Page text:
The two men were convicted in absentia on 30 September 2003 by the Court of First Instance in Brussels, Belgium, for giving material support to terrorism. They both entered Afghanistan with fake Belgian passports. Hakimi was sentenced in absentia to 4 years, Sliti to 5 years. The Belgian Federal prosecutor has prepared an extradition request to the United States in October 2009 in order to give Hakimi and Sliti a new trial so they can respond to the charges against them. Most recently, the U.S. ambassador in Belgium, mr. Howard Gutman, has hinted at this case as well, asking Belgium to ‘accept more detainees’ from Guantanamo.
However, the Belgian government, which ultimately has to send the extradition request to the United States, still hasn’t done this. In a reply to the Belgian daily ‘La Libre Belgique’, Minister of Justice remains very vague about the procedure, saying that eventually he “must make a decision”. Under Belgian law there is no time limit to request the extradition.
The Belgian government is probably not keen on having another row with Tunisia, which started with a speech in which Belgian Prime Minister Yves Leterme questioned Tunisia’s human rights record. Tunisia has always stated that they would ‘welcome’ all the remaining Tunisian prisoners from Guantanamo, saying that they are ‘capable of conducting fair trials’. Both men have been convicted in absentia in Tunisia. Asking for the extradition of the two detainees would again sour diplomatic relations between Belgium and Tunisia.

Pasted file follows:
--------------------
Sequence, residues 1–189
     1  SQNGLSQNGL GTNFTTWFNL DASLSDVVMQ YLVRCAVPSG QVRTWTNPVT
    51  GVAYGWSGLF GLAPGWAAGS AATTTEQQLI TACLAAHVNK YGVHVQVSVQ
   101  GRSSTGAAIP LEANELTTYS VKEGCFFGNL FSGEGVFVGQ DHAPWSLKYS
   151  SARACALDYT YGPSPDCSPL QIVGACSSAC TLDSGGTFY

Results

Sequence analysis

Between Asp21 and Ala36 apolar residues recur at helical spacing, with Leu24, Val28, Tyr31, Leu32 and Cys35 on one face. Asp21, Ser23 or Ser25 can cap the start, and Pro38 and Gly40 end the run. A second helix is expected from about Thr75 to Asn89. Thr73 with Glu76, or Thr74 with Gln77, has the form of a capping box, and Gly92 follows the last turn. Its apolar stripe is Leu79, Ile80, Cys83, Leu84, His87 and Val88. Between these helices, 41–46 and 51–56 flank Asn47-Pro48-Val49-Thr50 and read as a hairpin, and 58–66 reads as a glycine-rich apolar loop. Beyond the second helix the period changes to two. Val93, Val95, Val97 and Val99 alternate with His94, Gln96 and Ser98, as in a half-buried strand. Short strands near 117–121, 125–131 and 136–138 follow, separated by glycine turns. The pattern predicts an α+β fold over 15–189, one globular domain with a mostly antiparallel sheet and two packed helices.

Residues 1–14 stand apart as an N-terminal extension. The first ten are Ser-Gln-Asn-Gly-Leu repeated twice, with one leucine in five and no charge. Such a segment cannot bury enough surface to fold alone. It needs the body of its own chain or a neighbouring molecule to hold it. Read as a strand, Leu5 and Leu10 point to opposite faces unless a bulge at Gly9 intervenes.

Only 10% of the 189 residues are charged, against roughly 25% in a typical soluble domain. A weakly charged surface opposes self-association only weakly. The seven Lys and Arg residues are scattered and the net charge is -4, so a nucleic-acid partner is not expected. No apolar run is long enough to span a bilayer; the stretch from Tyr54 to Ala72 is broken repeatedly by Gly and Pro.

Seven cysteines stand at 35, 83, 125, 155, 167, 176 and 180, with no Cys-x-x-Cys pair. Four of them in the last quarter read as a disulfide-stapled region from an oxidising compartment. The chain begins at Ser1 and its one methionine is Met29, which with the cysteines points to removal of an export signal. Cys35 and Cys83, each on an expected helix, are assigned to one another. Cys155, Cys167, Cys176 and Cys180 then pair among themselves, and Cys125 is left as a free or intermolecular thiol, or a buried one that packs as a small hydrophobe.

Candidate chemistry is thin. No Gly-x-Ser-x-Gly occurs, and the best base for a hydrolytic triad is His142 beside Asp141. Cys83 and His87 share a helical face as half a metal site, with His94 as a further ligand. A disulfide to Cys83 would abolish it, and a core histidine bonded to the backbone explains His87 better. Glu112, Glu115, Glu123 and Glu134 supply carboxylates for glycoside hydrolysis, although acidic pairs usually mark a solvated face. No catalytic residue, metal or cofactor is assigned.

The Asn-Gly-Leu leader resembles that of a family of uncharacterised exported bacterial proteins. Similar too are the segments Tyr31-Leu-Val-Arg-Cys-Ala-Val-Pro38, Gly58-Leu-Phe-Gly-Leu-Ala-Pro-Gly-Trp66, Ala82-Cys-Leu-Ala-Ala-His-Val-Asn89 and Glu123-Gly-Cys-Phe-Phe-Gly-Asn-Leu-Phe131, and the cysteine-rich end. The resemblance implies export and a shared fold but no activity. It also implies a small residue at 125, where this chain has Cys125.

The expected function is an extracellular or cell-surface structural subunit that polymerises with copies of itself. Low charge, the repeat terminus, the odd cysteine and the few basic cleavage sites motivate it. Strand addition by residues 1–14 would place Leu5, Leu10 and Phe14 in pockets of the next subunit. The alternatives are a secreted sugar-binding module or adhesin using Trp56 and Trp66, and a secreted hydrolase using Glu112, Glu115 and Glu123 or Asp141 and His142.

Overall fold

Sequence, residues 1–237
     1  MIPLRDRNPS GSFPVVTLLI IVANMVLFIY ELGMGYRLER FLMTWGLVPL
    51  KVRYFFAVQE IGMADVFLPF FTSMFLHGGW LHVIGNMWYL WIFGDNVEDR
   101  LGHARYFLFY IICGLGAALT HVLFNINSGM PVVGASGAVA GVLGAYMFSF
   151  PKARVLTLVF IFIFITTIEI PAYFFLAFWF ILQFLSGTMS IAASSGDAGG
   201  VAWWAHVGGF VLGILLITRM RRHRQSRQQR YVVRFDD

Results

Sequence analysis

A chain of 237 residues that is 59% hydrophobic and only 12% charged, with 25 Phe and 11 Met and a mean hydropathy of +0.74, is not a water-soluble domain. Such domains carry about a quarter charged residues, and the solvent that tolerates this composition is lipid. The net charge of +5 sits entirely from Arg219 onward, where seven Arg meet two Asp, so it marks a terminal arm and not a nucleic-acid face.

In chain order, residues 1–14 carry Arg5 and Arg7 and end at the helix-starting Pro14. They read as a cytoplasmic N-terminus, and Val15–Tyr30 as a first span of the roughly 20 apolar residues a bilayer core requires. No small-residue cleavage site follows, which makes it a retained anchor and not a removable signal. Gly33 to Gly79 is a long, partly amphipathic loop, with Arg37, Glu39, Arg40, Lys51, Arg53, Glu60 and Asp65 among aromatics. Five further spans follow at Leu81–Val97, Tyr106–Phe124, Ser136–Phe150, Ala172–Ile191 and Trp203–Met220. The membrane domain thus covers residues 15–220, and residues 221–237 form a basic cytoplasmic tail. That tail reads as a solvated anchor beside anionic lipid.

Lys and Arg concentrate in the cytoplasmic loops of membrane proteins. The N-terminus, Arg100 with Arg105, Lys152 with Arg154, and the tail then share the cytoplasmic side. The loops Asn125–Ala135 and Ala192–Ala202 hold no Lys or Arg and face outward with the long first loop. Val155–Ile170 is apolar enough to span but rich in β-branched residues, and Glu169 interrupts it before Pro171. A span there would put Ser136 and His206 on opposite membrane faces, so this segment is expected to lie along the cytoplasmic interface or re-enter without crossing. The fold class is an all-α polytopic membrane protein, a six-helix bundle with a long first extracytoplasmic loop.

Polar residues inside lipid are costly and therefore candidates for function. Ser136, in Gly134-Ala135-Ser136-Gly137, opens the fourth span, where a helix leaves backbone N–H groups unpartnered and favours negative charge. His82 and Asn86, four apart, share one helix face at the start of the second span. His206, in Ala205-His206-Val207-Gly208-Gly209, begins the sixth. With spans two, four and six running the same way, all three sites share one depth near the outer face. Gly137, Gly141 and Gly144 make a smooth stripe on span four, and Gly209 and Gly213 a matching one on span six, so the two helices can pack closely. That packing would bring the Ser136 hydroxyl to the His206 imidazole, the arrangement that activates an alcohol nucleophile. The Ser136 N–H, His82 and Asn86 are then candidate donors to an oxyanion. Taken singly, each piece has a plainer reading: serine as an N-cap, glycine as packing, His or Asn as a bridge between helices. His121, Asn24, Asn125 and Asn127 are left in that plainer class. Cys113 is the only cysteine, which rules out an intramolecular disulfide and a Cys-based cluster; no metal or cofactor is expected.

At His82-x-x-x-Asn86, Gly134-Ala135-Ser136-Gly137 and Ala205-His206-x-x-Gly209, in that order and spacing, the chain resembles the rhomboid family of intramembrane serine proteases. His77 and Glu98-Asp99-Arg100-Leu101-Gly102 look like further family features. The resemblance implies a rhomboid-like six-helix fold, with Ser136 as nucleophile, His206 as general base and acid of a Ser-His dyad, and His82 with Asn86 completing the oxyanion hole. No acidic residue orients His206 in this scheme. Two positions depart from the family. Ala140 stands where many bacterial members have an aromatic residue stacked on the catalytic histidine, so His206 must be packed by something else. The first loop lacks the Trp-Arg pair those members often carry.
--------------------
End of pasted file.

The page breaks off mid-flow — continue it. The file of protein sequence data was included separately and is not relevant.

While it is unknown at this moment whether the two men will have a civilian or military trial in the U.S., it is certain that they won’t be sent back to Tunisia. A U.S. District Court has de facto prohibited any transfers from Tunisian Guantanamo detainees in 2007, when it judged that a Tunisian detainee would face a serious risk of torture if sent back to Tunisia. Such a transfer would also be a violation of international law.
Now it gets really tricky: if Belgium would not send such an extradition request, and Hakimi and Sliti remain detained without charge in Guantanamo Bay – or another site – Belgium could violate international law as well, because its inaction would contribute to the prolongation of an existing human rights violation.
On 26 January 2005, a Tunisian military court convicted Hakimi under article 123 of its Code of Military Justice to 20 years in prison on charges of participating in a terrorist organisation abroad. The main evidence against Hakimi, according to the court ruling, came from statements made to the judical police by their codefendants in custody, who claimed that they had met Hakimi at a military camp in Afghanistan where they had undergone military training in preparation for returning to Tunisia to carry out operations there. During the trial those codefendants tried to disavow their statements to the police, but the judge refused this request.
In a separate trial in the Military Court Hakimi was also convicted to 20 years in prison for participating in Afghanistan in the establishment of a new ‘fundamentalist jihadist organisation’.
On 22 March 2005 the Tunisian Court of First Instance convicted al-Sliti in absentia on five counts under Tunisia’s 2003 anti-terrorism law. He was sentenced to 32 years in prison. Sliti has already been in Guantanamo for more than a year when the 2003 law was passed. International human rights law prohibits the retroactive application of criminal laws.